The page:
2. Outdoor beds with new plants should be initially watered once every 5 to 7 days for the first month or so after transplanting. Cacti and succulents enjoy regular watering during the heat of the summer and will grow vigorously. After the first year, most cacti species need a good soaking only once every 2-4 weeks during the spring and summer if there has been no rain.
3. Potted plants require more frequent, regular watering, especially if the weather is hot and dry.
4. To prepare cacti and succulents for the approach of winter, begin withholding water in the fall so the plants can begin to dehydrate and shrivel. Plump, well watered plants are ripe for cold damage when temperatures plunge in late fall/early winter.
Cacti and succulents are very modest in their fertilizer requirements. When planted in the ground, fertilizing in spring with SeaCom-PGR and Yum Yum Mix® will encourage plentiful flowers and good stem growth. When planted in pots, remember to feed monthly with the same mixture as above, beginning in late summer.
Garden plants: Many cacti and succulents are quite cold hardy if kept dry in the cold winter and spring months. In areas that receive a lot of winter and spring moisture (especially rain), it is strongly recommended that plants be protected from cold, wet soil conditions. For example, a temporary cold frame can be constructed using pipe or PVC hoops covered with a clear plastic sheet to cover the entire bed. Or individual plants can be covered with plastic gallon milk jugs with the bottom cut out to keep the ground around the plants dry. Leave the top off the jug so heat build up isn’t excessive in sunny weather. Problems will occur if plants are in wet soil all winter or sit under melting snow for extended periods.
Potted plants: Should be moved under a roof overhang on the south or west side of the house or placed in a well ventilated cold frame. Water pots and other containers lightly a few times over the winter during warm spells.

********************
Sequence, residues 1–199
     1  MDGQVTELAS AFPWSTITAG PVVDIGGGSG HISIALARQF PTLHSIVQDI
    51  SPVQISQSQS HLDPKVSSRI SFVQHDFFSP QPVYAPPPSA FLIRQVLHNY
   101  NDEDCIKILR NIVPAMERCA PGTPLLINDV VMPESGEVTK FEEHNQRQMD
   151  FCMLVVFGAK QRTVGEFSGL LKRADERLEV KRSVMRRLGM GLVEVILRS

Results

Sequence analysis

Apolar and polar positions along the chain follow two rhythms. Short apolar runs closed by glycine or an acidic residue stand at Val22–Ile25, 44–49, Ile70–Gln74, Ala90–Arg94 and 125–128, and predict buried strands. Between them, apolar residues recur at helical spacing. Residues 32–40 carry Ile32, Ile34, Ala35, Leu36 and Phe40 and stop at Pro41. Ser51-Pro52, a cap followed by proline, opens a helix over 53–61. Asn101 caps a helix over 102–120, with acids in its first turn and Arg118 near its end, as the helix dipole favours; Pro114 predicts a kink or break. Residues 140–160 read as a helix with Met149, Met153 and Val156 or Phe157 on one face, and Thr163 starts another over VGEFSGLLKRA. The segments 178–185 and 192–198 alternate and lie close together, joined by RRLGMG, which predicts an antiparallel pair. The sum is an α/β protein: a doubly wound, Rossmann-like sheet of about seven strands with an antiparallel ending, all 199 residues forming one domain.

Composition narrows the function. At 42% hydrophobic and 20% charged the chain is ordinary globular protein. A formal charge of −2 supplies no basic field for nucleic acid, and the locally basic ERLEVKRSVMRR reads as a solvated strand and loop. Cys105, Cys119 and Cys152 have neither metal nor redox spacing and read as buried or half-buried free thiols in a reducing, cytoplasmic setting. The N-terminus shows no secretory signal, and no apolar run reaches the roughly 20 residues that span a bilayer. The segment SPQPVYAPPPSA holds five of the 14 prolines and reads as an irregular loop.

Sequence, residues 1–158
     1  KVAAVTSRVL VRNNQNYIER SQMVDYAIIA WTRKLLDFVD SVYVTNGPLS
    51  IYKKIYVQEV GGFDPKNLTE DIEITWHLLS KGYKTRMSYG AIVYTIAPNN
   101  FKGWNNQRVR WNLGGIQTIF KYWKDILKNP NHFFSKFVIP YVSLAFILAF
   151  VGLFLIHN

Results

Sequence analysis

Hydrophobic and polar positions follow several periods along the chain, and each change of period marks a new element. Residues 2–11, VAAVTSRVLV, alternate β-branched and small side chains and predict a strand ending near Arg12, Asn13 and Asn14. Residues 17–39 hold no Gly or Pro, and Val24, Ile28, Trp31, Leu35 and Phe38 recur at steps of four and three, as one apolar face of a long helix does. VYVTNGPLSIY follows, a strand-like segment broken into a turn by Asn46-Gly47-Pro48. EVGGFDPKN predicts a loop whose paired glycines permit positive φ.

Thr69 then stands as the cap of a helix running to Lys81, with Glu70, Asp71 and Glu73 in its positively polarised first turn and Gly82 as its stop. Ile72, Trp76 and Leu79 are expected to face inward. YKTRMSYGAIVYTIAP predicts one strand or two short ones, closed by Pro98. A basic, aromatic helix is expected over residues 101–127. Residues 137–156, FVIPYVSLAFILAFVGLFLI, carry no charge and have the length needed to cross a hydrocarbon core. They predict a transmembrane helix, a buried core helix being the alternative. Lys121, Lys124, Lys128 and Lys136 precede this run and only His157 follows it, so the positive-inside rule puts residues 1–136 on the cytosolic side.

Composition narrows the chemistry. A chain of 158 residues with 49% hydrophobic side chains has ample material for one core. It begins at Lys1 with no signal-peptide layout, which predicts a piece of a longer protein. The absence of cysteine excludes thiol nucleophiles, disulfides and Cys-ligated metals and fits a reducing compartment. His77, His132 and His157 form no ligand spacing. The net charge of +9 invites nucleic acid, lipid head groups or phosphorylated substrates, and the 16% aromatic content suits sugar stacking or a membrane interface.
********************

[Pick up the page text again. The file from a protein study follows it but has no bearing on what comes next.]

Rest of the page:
All our cacti, agaves and succulents are seed-grown or cutting-grown in our greenhouses. Cacti and agave plants are 2-4 years old succulents are 1-2 years old. Please, never collect cacti from the wild unless it’s to rescue plants from construction sites. Many species are close to extinction in their native habitats due to irresponsible collectors.
|Zone 2||Shipping begins the week of May 17th, 2021|
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|Zone 6||Shipping begins the week of April 19th, 2021|
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|Zone 9||Shipping begins the week of April 5th, 2021|
|Zone 10||Shipping begins the week of April 5th, 2021|
As soon as your order is placed you will receive a confirmation email. You will receive a second email the day your order ships telling you how it has been sent. Some perennials are shipped as potted plants, some as perennial roots packed in peat. The ‘Plant Information’ section describes how that item will ship. All perennials and spring-planted bulbs are packaged to withstand shipping and are fully-guaranteed. Please open upon receipt and follow the instructions included.
Perennials and spring-planted bulbs are shipped at the proper planting time for your hardiness zone. Perennial and spring-planted bulb orders will arrive separately from seeds. If your order requires more than one shipment and all items are shipping to the same address, there is no additional shipping charge. See our shipping information page for approximate ship dates and more detailed information. If you have any questions, please call Customer Service toll-free at (800) 925-9387 or contact us by email.
Echinocereus rigidissimus (likely var. rubrispinus)
Published by Daniel Mosquin on December 8, 2006
A thank you to billy [email protected] (starter of the Flickr “Fat Plants” group) for sharing today’s photograph (BPotD Flickr Group Pool | original image). Much appreciated!